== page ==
Currently, electric vehicles represent a small percentage of new automobiles sold around the world and cars on the road, but that percentage is expected to increase in a big way over the next several years.

To access this quickly developing market, investors have a number of electric vehicle-specific ETF options to choose from, including the KraneShares Electric Vehicles and Future Mobility ETF (NYSEArca: KARS), Global X Autonomous & Electric Vehicles ETF (NasdaqGM: DRIV) and Innovation Shares NextGen Vehicles & Technology ETF (NYSEArca: EKAR).

“The International Energy Agency’s (IEA) new Global Electric Vehicles Outlook projects global EV sales to hit 22 million by 2030, under its new policies scenario, which assumes no policy changes. That would bring the total number of EVs on the road in the world to 130 million,” reports Mining.com.

DRIV debuted just over a year ago and tracks the Solactive Autonomous & Electric Vehicles Index. Component companies include firms “involved in the development of autonomous vehicle software and hardware, as well as companies that produce EVs, EV components such as lithium batteries, and critical EV materials such as lithium and cobalt,” according to Global X.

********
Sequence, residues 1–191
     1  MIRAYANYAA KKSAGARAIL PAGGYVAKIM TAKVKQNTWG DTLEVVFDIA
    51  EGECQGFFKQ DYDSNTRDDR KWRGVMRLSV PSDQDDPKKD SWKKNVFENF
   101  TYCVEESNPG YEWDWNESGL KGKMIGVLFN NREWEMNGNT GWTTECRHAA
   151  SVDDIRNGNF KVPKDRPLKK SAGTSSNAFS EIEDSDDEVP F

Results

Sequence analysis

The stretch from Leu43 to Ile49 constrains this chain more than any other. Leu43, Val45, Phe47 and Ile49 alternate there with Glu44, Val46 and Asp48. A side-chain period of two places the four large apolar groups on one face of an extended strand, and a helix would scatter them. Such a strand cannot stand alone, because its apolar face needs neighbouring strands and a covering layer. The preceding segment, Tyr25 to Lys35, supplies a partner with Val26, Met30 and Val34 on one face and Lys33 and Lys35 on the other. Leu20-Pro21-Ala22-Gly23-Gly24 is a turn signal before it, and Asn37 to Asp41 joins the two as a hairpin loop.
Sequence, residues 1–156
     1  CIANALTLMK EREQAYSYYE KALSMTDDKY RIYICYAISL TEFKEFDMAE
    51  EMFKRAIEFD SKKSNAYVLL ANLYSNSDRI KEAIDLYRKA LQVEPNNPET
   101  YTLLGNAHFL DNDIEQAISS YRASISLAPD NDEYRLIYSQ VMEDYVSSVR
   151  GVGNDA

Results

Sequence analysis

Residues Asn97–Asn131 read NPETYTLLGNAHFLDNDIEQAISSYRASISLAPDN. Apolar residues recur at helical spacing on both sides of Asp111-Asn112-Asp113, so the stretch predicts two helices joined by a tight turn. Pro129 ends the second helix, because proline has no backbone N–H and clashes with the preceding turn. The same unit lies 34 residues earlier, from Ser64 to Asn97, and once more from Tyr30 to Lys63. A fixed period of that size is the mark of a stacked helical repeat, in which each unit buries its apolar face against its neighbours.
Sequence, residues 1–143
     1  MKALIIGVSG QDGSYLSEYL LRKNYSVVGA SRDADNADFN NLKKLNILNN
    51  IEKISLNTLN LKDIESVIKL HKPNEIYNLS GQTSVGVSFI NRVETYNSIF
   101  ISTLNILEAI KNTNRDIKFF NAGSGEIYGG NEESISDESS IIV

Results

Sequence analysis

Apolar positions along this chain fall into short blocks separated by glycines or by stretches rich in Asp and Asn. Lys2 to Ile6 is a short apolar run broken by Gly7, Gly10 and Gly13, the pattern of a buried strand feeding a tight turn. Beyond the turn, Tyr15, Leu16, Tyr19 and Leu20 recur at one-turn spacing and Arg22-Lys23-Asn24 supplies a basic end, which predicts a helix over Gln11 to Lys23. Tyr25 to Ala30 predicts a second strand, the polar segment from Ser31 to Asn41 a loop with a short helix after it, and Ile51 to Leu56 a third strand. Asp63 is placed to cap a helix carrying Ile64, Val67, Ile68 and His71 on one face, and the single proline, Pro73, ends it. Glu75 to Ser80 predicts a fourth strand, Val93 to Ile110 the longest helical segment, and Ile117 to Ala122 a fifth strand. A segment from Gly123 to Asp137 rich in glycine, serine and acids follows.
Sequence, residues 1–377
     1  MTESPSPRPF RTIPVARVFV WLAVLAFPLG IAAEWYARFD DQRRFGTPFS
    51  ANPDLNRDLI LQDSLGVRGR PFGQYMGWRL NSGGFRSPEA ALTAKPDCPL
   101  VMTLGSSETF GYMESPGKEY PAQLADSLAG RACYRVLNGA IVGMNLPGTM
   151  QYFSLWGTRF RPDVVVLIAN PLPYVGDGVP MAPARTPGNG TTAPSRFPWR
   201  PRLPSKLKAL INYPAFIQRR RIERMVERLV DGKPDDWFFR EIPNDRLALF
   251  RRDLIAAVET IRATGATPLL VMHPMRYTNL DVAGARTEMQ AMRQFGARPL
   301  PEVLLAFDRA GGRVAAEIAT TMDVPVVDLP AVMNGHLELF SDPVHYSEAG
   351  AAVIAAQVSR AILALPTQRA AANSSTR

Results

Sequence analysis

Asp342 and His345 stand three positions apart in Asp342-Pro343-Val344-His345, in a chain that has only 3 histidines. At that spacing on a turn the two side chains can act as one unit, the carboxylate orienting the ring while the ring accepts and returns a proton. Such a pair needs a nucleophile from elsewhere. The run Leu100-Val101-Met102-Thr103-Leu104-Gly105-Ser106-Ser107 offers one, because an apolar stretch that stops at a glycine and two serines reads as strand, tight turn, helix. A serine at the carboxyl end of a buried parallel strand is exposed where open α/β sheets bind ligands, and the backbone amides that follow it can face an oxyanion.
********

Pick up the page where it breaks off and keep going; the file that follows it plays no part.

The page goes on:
Encouraging Signs

Electric vehicles are in the early innings of development and there are signs that there is a lot of pent up demand among consumers whom want to embrace the technology. In 2017, electric vehicle sales represented 1.7% of all vehicle sales globally, exceeding 1 million for the first time and rising 51% year-over-year. The rate could continue to accelerate as a result of EVs becoming more economical than gas-powered cars and as a result of a pro-climate regulatory changes pushing to ban gas-powered cars.

“There are currently more than 1 billion vehicles in the world, so if the IEA’s projections hold true, that means that 10% to 20% of the world’s vehicles could be electric by 2030,” reports Mining.com.

EKAR tries to reflect the performance of the Innovation Labs Next Generation Vehicles Index, which is comprised of companies engaged in the development of “New Energy Vehicles,” such as vehicles propelled by one or more electric motors powered by rechargeable battery packs, or “Autonomously Driven Vehicles,” such as vehicles capable of driving themselves from a starting point to a predetermined destination in “autopilot” mode using various in-vehicle technologies and sensor.

“Under a more aggressive EV@30 policy scenario, which would include enhanced government policies and incentives, total EVs globally could be as high as 210 million electric cars, or 250 million electric vehicles, counting e-buses and other electric vehicles,” according to Mining.com.

For more information on the car industry, visit our automobiles category.

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